Social Studies III Review
the institution through which a society makes and enforces its public policies.
body of fundamental laws setting out the principles, structures, and processes of a government.
supreme and absolute power within a territory.
government is restricted in what they may do
a document created by the English that limited the power of the king, and provided for trial by jury and due process of the law.
life, liberty, and the right to own property
life, liberty, and the pursuit of happiness
author of the Declaration of Independence
refusal to buy or sell certain products or services
Articles of Confederation
this document established a "firm league of friendship," and called for strong state governments, and an extremely limited national government
the group of delegates who wrote our Constitution, and are considered the Founding Fathers of our nation
called for a government with three separate branches, a bicameral legislature wtih representation in both houses based on population or wealth, Congress would choose a national executive and judiciary
New Jersey Plan
called for an equal unicameral Congress that would be in charge of national tax and trade, more than one executive, federal judiciary chosen by the executive
also known as the "Great Compromise," an agreement that would create a bicameral Congress with one house based on population and the other equal.
provided that all "free persons" should be counted as three-fifths of a person toward the population count for the house of representatives
included James Madison and Alexander Hamiltion; this group believed in a strong national government.
included Patrick Henry and Samuel Adams; this group believed in a Bill of Rights, the mention of God, and stronger state governments.
introduction to the Constitution
Separation of Powers
basic principle of the American system of government that the powers of the three branches are divided throughout the government
checks and balances
system of overlapping the powers of the three branches to permit each branch to check the actions of the others
power of the coutrs to determine whether what the government does is in accord with what the Constitution provides
to declare illegal, specifically within the government
the division of power amon a central government and several regional governments
changes int he written word to the Constitution
Bill of Rights
first ten amendments
a pact made by the president directly with the head of a foreign state
a formal agreement between two or more sovereign states (in the U.S. it must be approved by the Senate)
the group that makes the formal selection of the nation's President
an advisory body to the President, traditional made up of the heads of the Executive Departments and other officials
writ of habeas corpus
court order directed to prevent unjust arrests and imprisonment; commands the court to rule before a person can be imprisoned for a crime
ex post facto laws
laws passed after the fact
powers given to the government in the Constitution
powers expressely spelled out in the Constitution (examples are veto, impeachment, declare war, etc.)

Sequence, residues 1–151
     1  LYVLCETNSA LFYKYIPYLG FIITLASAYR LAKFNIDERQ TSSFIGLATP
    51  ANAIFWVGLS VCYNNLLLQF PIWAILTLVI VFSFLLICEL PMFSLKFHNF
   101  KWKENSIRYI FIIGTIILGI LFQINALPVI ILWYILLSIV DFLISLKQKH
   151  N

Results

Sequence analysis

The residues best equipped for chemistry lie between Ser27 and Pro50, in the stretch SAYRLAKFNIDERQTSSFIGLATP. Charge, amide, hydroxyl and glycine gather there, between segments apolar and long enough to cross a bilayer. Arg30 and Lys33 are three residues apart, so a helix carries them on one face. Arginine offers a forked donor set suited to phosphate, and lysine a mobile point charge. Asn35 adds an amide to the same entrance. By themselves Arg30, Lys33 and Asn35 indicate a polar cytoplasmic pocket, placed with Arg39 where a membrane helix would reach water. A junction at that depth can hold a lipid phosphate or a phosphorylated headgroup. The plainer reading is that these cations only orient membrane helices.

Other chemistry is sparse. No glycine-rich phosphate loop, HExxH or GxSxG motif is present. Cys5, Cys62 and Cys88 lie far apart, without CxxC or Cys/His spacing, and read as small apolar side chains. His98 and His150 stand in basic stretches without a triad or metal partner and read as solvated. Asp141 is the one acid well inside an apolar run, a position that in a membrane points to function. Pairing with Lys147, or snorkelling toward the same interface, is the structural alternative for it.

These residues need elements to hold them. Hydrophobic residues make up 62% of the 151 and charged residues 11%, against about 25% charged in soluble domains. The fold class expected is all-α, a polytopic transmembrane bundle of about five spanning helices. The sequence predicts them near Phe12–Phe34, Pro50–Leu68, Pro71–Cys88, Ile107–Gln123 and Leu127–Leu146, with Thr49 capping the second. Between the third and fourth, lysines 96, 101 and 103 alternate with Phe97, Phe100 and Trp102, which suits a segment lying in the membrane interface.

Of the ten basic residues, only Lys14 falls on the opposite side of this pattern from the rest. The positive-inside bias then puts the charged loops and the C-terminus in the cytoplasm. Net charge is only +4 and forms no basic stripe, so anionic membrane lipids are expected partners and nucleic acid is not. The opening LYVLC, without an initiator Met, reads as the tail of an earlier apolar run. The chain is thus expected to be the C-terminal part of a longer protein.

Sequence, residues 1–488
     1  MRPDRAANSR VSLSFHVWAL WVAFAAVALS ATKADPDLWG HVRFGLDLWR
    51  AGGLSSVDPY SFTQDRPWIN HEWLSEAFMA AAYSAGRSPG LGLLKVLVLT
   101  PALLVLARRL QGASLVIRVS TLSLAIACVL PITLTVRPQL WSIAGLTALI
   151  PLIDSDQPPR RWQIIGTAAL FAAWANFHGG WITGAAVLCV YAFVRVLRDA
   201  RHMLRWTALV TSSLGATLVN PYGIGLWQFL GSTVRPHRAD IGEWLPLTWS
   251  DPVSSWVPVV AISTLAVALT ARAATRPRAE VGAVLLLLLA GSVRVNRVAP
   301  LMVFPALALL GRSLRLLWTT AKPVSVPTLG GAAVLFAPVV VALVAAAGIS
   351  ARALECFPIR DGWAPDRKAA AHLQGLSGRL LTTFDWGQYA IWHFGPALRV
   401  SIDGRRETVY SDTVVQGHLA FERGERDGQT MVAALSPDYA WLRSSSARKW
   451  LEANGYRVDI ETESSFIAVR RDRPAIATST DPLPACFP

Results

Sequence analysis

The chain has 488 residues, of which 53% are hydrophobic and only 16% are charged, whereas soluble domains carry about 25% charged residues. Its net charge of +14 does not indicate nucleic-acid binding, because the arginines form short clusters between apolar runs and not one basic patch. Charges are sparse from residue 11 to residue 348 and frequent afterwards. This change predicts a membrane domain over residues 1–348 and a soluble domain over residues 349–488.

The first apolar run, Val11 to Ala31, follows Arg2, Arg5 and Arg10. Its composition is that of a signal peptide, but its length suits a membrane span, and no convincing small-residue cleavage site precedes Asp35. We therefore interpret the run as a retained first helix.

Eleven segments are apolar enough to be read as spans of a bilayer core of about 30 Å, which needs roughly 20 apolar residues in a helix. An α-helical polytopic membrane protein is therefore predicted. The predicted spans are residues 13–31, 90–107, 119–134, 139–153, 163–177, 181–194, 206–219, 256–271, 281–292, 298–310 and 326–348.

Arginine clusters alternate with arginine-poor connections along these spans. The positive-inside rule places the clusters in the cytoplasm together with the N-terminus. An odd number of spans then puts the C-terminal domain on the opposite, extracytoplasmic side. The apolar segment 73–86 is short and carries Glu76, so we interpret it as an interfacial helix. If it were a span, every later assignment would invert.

not expressely stated, but suggested by the Constitution; includes the "Necessary and Proper Clause" (examples are highways, gambling and smoking laws, etc.)
powers that belong to the National Government because it is a sovereign nation (examples include immigration, deportation, protecting the nation, etc.)
powers that are not granted to the national government by the Constitution, meaning they are granted to the States (examples include education, marriage laws, gambling laws, etc.)
powers granted to both the national and state governments (examples include taxes, establishing courts, borrowing money, etc.)
federal money granted to a state for a specific purpose
federal money given to states or other local governments with fewer-than-usual strings attached
federal money or resources given to states or local governments
full faith and credit clause
the constitutional idea that each state accepts the laws and court matters of other states
the constitutional idea that states will return criminals to the state where the crime occurred for trial
current office holders
parties that have split away from a major party (Bull moose party)
parties based on a particular set of beliefs
group of people who seek control of the government by winning elections
firm allegiance to a political party
a political party without wide support
a country that does not have any dominate parties but is ruled by many different parties
in the U.S. it is the elected leader in the two major political parties
an elected body in each national party that creates a party platform
the party meeting where both parties officially nominate a person to run for president
a person votes for multiple parties on their ballot
economic protest parties
third parties that focus only on economic issues
thid parties in the U.S. that focus only on one important issue
practice of drawing electoral district lines in order to limit the voting strength of a particular group or party
the right to vote
all of the people entitled to vote in a given election
Civil Rights Act of 1964
government act that banned racial discrimination
Voting Rights Act of 1965
government act that banned the use of the poll tax and literacy test
Motor Voter Law
Directs every state to allow eligible citizens to register to vote when they get their drivers license, by mail and make registration forms available at locals offices.
congressional elections held in the even-numbered years between presidential elections.
the process by which people gain their political attitudes and opinions
measureable differences between the partisan choices of men and women today
General Citizenship Act
grants all Native Americans the rights of citizenship, including the right to vote in federal elections.